Letters to the Editor - April 21

April 21, 2012

Participate in our 9/11 memorial

To the editor:

The Franklin County, Pa., 9/11  Veterans Memorial is under construction. It is located at Letterkenny Army Depot beside the historic chapel. It will be dedicated May 19 with a VIP ceremony thanks to a large group of volunteers.

You can be part of this effort to memorialize the events of that tragic day, to recognize the heroes and to remember our veterans.  And now is the time to do so.

If you act now, you can recognize someone important to you, perhaps a relative that serves or served in the armed forces or perhaps just your own personal hero or loved one that has been part of your life. You can do so by purchasing an inscribed paver brick that will be a permanent part of the memorial. Prices range from as little as $100 to $1,000 depending on the size of the paver.

We are also seeking sponsors for trees, benches and flags at varying rates as well. These will also have a permanent marker and would be an ideal gift for clubs, veteran organizations or community service groups to participate with.

Speaking of gifts, we can also provide the purchasers of a paver with a gift certificate to surprise the person that is being honored.  Any donors will also be invited to the ceremony that will include several nationally known participants.

In closing, we need your help to make this project a success. Call Ed Zimmerman at 717 267-1481 (, or visit our Franklin County 9/11 Memorial Facebook page and become a friend to be a part of this historic project. 

Warren Elliott
Mike Ross
Chuck Sioberg
The Rev. William Harter
9-11 Memorial Fund Committee

Vote for the principled candidate

To the editor:

Principled — defined as someone who uses a fundamental law or truth as a motivational force to guide his life. I wish to use this term in reference to three candidates vying for the U.S. Senate seat in the Pennsylvania Republican Primary.

One is not principled who 1) claims to be a conservative Republican but was a Democrat and voted 45 years as such; 2) raised taxes nine times as a Plum Creek Supervisor, including a 33 percent increase in property taxes; 3) can’t remember whom he voted for in the presidential election of 2008. (Tom Smith).

One is not principled who 1) claims to be a Republican with a grass roots effort campaign when that grass roots is under the guise of the Republican Committee endorsed candidate; 2) campaigned for Joe Sestak, a liberal Democrat; 3) voted for Obama in the 2008 presidential election. (Steve Welch).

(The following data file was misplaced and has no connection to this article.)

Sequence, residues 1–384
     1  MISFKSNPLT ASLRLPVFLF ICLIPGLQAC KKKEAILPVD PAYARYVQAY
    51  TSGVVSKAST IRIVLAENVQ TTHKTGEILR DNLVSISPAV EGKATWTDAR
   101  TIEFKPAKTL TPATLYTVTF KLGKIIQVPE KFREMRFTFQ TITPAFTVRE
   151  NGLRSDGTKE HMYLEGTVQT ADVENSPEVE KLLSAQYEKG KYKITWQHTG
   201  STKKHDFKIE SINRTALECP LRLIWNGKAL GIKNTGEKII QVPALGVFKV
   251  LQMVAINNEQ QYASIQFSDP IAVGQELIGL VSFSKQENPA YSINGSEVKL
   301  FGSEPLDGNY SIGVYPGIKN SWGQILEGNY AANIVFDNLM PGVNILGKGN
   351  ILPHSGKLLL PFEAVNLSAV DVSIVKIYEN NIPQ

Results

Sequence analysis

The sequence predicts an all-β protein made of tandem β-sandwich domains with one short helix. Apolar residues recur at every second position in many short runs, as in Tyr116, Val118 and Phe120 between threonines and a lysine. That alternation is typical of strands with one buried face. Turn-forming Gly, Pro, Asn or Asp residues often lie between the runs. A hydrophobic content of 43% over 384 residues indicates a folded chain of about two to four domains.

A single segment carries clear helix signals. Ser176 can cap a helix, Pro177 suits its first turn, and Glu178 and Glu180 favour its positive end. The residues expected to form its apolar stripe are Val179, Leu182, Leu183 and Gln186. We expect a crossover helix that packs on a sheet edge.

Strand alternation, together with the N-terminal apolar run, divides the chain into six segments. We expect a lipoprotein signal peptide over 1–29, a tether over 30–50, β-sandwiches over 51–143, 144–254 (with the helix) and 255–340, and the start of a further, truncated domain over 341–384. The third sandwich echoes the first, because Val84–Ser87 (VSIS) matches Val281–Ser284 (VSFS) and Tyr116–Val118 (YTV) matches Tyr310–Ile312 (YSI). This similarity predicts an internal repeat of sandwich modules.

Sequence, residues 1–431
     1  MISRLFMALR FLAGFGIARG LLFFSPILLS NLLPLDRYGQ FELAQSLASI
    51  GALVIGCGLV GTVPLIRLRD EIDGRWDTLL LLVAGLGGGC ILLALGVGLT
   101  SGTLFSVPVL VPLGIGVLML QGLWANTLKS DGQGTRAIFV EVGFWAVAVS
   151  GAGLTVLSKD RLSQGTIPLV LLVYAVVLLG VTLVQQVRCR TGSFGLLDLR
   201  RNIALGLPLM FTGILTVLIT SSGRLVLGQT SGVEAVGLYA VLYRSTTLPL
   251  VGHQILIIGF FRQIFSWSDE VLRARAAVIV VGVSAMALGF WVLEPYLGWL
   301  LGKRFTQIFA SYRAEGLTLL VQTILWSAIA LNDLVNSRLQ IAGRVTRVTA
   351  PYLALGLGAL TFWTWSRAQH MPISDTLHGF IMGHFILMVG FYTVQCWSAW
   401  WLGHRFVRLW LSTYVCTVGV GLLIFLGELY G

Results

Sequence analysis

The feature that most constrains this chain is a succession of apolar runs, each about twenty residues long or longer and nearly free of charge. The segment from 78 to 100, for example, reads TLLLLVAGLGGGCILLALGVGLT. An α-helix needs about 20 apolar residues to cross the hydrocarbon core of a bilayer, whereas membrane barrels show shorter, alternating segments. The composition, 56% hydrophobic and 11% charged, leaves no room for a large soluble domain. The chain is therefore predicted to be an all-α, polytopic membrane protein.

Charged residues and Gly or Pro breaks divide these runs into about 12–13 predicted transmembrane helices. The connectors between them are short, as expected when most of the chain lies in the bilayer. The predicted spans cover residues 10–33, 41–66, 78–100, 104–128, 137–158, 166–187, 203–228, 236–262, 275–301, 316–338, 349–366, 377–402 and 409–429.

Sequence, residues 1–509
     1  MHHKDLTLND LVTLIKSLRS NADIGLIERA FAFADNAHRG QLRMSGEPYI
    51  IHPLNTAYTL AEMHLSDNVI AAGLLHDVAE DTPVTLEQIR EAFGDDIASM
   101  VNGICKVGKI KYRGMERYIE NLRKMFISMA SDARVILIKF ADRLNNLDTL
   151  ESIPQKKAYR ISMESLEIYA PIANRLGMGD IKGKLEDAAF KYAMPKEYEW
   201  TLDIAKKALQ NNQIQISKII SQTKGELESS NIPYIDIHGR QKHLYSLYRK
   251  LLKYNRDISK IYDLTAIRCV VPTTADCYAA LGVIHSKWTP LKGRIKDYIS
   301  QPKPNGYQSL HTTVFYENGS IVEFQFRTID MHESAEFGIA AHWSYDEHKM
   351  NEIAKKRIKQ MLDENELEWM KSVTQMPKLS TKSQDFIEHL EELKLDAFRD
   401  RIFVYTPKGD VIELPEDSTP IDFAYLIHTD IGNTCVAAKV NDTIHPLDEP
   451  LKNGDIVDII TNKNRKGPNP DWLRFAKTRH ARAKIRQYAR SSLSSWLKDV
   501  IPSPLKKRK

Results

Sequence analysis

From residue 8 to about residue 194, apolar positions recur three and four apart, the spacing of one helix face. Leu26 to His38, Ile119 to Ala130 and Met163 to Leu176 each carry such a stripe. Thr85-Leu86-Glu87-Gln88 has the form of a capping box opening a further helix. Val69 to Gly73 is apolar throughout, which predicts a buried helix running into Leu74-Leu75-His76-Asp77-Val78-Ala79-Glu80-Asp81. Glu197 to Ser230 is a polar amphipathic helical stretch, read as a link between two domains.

One is principled who turns down an invitation to a major political event sponsored by the Franklin County Republican Party, to be held two days before the primary election, because the event comes on Sunday — a day which he has reserved especially for God and family. (Sam Rohrer).

So please vote on April 24 for the man who embodies the real meaning of principled, Sam Rohrer.

Mary Burkholder
Chambersburg, Pa.

Worried about fraud? Try the ink route

To the editor:

On April 14, David Limbaugh wrote about voter fraud in an op-ed. He described a young man who said he was Eric Holder and was told to go ahead and vote by an inattentive poll worker.

The young man could have walked into any voting place anywhere and given any name to prove his point, but didn’t.

Limbaugh might have made the understatement of the year when he said he was “not a big fan of bipartisanship.” He did say, however, that he thought voter fraud was one issue all parties should address to get a “fair and transparent” solution.

People who are demanding people (such as elderly people with no photo ID) get something they don’t already have on voting day should have to get something they don’t already have, i.e., ink on their fingers.

What’s good for the goose should be good for the gander.

People often display “I voted” stickers. The ink could take the place of that sticker. However, for the sake of some moralists and those too happy that their particular party won, perhaps middle fingers should be excluded.

Ken Hollar

The Herald-Mail Articles